Why the rise of Labiaplasty?

With the recent release of Laura Dodsworth’s book, ‘Womanhood; the bare reality’. I thought it would be a good time to talk about Labiaplasty; what it is and why it’s on the rise.

Labiaplasty is the most common form of female genital cosmetic surgery and involves surgical reduction of the Labia minora (the inner lips of the vulva). You may also know it by a few different names: “vulva reshaping”, “vulva and vaginal rejuvenation”, “designer vagina” and “the barbie doll”…yes “the barbie doll!”  

Labia minora surgery was first documented in 1976, but it was not until the 2000s that the surgery gained popularity. In the UK the demand for labiaplasty has increased more than three-fold from 2000 to 2014.

Why is there such demand?

The reason behind the increased demand is a debated and complex one. The reason being is that the private sector is not obliged to share or even capture their data, at times making it hard to pinpoint. However, what we do know is that women request labiaplasty to alleviate problems arising from labia minora which, when large, lead to problems concerning hygiene, difficulties during sexual intercourse and discomfort when wearing tight clothes or exercising. Despite this, the primary motivation for some women requesting labiaplasty is concern about genital appearance.

From my research it appears that there are a few influencing factors as to why there is a demand. Starting with the obvious; porn. There’s the standardisation of vulvas shown in porn, regularly cleanly shaved, with tiny labia. This can perpetuate the idea that this is the only form of “normal”. But this isn’t just internet porn. I found the most amazing research paper that outlines changes from the 1960s to 2013 in playboy magazine centrefolds. They studied over 493 magazines and discovered the vulva was fully exposed increasingly significantly, from 0 instances in the 1950s to 78.6% of images from 2010 through 2013. Alongside this is the grooming, minimal to no hair grew from 11.4% of images from the 1990s to 78.5% of those from 2010 through 2013. Now, there isn’t a write up on what these vulvas look like, apart from bald or minimal hair! But they did say that it seems that Playboy digitally alter the image to fit into the western ideal beauty standard. Cheeky.

Alongside this is the growing conversations about grooming and the pressure women are now put under. Carrie Bradshaw spoke about Brazilian waxing in 2000, The Only Way is Essex carried out vajazzling in 2011. Celebrities from Kim Kardashian to Gemma Collins have  spoken openly about labiaplasty, there have even been treatments carried out on morning TV!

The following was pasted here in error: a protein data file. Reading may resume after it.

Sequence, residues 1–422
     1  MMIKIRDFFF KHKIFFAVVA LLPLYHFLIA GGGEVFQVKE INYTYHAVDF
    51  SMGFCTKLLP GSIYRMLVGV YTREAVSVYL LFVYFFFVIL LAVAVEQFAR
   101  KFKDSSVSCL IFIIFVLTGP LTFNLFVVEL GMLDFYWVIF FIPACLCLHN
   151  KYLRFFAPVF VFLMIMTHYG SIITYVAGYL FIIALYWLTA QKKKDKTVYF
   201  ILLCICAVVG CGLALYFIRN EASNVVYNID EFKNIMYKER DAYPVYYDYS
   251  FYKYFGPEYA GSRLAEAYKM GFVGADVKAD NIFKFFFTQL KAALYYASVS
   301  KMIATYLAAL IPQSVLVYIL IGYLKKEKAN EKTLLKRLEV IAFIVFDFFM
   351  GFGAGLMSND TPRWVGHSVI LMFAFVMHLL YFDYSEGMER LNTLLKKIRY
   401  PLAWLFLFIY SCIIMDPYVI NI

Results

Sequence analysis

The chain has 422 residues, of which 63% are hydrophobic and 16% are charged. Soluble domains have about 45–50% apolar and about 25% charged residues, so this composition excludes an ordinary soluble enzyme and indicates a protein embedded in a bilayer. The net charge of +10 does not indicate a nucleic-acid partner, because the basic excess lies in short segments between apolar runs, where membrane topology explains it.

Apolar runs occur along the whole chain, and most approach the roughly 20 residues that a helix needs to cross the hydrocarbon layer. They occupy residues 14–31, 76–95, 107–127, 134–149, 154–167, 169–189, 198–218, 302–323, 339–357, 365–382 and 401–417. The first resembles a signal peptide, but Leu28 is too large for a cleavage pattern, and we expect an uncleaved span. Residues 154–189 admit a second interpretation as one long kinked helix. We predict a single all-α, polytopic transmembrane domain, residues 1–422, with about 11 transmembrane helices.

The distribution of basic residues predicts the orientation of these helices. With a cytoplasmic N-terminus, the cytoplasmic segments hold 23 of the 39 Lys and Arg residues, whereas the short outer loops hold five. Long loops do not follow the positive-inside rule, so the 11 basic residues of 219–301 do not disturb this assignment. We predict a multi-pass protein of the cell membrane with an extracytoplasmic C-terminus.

Body image and the vulva.

The most common motivator for surgery is, aesthetic concerns (71%) , followed by physical/functional (63%) and sexual reasons (38%) Furthermore, a significantly higher percentage of women seeking labiaplasty (39%) had experienced teasing in regards to their genital appearance, predominantly from ex-partners. In this piece of research all partners were male. I can’t help wonder; if the partners of women who undergo labia surgery are as concerned about the possibility of reduced sexual pleasure as they were about aesthetics?

“Normal” is one of my least favourite words, but it fits here. As individuals we tend to want to feel “normal”, which ultimately means that we fit in, or are accepted. So in order to know what “normal” is we compare ourselves.  To help understand what women perceive as “normal” when it comes to labias, researchers in Australia evaluated the effect of viewing images of surgically reduced labia on women’s perceptions of “normal” genital appearance. One group of women looked at images of modified genitalia first and another group viewed images of unaltered genitalia first. What they found isn’t surprising, viewing modified genitalia alters the perception of “normal” among women ages 18-30. In addition, all women rated small labia as more desirable

The Royal College of Obstetricians and Gynaecologists actively talk about the lack of data in regards to the surgery and that this has ramifications on understanding the risks.  They also explain in their ethical guidelines, that when dealing with women who request labial surgery whose motivation is primarily anxiety about their appearance, accurate information about what is normal physiology can often provide sufficient reassurance to alleviate their concerns. This is turn could deter them from going ahead with the surgery.

I am not against Labiaplasty, specifically when there is pain, discomfort or functional issues. I am for; informed decisions, accurate information and education and real support (debunking myths and normalising body parts). I believe that accurate information about “normal” female genital physiology should be the first point of call. This could provide sufficient reassurance for women who are requesting surgery because of anxiety about their appearance. Clinicians should discuss other possibilities; offering counselling or psychological treatments for difficulties such as body image distress, sexual difficulties and low self-esteem.

Laura’s book does “normalises” vulvas, reminds us that they are all “normal”. If you see a lot of images of small labia minora you are more likely come to view that as “normal” or desirable. It’s not much different from seeing women with thin bodies on TV or women with immaculate features in magazines due to Photoshop. We need to debunk these myths, educate and talk more openly about the diversity, individuality and uniqueness of vulvas.

Photo by Jan Kleinert on Unsplash

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